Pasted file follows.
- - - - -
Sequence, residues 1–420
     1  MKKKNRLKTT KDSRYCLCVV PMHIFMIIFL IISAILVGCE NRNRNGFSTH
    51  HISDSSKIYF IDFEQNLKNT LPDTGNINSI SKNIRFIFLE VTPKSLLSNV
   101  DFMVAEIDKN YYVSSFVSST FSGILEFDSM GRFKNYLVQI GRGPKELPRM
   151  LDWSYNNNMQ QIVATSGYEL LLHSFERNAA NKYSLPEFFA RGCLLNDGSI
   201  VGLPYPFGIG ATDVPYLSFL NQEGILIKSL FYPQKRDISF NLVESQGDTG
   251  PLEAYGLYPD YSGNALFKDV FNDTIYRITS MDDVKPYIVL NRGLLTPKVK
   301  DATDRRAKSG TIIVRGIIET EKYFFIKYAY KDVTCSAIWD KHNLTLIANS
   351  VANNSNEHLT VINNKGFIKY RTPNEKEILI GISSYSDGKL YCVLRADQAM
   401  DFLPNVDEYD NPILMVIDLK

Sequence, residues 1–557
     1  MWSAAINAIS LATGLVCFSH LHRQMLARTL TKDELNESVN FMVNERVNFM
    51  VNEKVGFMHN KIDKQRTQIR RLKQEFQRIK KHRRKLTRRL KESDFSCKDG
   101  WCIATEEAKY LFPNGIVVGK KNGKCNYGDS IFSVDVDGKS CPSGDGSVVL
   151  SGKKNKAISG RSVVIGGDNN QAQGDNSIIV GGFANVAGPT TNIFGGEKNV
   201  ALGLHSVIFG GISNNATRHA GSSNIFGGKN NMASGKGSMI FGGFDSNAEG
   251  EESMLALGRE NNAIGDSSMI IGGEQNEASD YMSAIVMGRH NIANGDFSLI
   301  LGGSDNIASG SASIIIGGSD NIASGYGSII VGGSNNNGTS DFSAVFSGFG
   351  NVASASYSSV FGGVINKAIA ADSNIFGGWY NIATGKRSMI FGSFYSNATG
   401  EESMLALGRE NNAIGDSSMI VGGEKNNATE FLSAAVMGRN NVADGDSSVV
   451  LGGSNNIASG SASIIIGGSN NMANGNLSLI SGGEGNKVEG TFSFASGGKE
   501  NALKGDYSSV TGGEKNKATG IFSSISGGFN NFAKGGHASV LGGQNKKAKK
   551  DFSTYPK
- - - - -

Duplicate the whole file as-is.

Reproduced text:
Sequence, residues 1–420
     1  MKKKNRLKTT KDSRYCLCVV PMHIFMIIFL IISAILVGCE NRNRNGFSTH
    51  HISDSSKIYF IDFEQNLKNT LPDTGNINSI SKNIRFIFLE VTPKSLLSNV
   101  DFMVAEIDKN YYVSSFVSST FSGILEFDSM GRFKNYLVQI GRGPKELPRM
   151  LDWSYNNNMQ QIVATSGYEL LLHSFERNAA NKYSLPEFFA RGCLLNDGSI
   201  VGLPYPFGIG ATDVPYLSFL NQEGILIKSL FYPQKRDISF NLVESQGDTG
   251  PLEAYGLYPD YSGNALFKDV FNDTIYRITS MDDVKPYIVL NRGLLTPKVK
   301  DATDRRAKSG TIIVRGIIET EKYFFIKYAY KDVTCSAIWD KHNLTLIANS
   351  VANNSNEHLT VINNKGFIKY RTPNEKEILI GISSYSDGKL YCVLRADQAM
   401  DFLPNVDEYD NPILMVIDLK

Sequence, residues 1–557
     1  MWSAAINAIS LATGLVCFSH LHRQMLARTL TKDELNESVN FMVNERVNFM
    51  VNEKVGFMHN KIDKQRTQIR RLKQEFQRIK KHRRKLTRRL KESDFSCKDG
   101  WCIATEEAKY LFPNGIVVGK KNGKCNYGDS IFSVDVDGKS CPSGDGSVVL
   151  SGKKNKAISG RSVVIGGDNN QAQGDNSIIV GGFANVAGPT TNIFGGEKNV
   201  ALGLHSVIFG GISNNATRHA GSSNIFGGKN NMASGKGSMI FGGFDSNAEG
   251  EESMLALGRE NNAIGDSSMI IGGEQNEASD YMSAIVMGRH NIANGDFSLI
   301  LGGSDNIASG SASIIIGGSD NIASGYGSII VGGSNNNGTS DFSAVFSGFG
   351  NVASASYSSV FGGVINKAIA ADSNIFGGWY NIATGKRSMI FGSFYSNATG
   401  EESMLALGRE NNAIGDSSMI VGGEKNNATE FLSAAVMGRN NVADGDSSVV
   451  LGGSNNIASG SASIIIGGSN NMANGNLSLI SGGEGNKVEG TFSFASGGKE
   501  NALKGDYSSV TGGEKNKATG IFSSISGGFN NFAKGGHASV LGGQNKKAKK
   551  DFSTYPK